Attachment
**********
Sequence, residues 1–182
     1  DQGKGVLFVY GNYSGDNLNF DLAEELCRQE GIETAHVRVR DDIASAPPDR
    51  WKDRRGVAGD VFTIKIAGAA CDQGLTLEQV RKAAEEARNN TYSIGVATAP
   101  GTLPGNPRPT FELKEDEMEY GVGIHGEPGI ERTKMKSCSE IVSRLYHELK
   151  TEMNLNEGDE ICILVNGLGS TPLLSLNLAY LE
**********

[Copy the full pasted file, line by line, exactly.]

Sequence, residues 1–182
     1  DQGKGVLFVY GNYSGDNLNF DLAEELCRQE GIETAHVRVR DDIASAPPDR
    51  WKDRRGVAGD VFTIKIAGAA CDQGLTLEQV RKAAEEARNN TYSIGVATAP
   101  GTLPGNPRPT FELKEDEMEY GVGIHGEPGI ERTKMKSCSE IVSRLYHELK
   151  TEMNLNEGDE ICILVNGLGS TPLLSLNLAY LE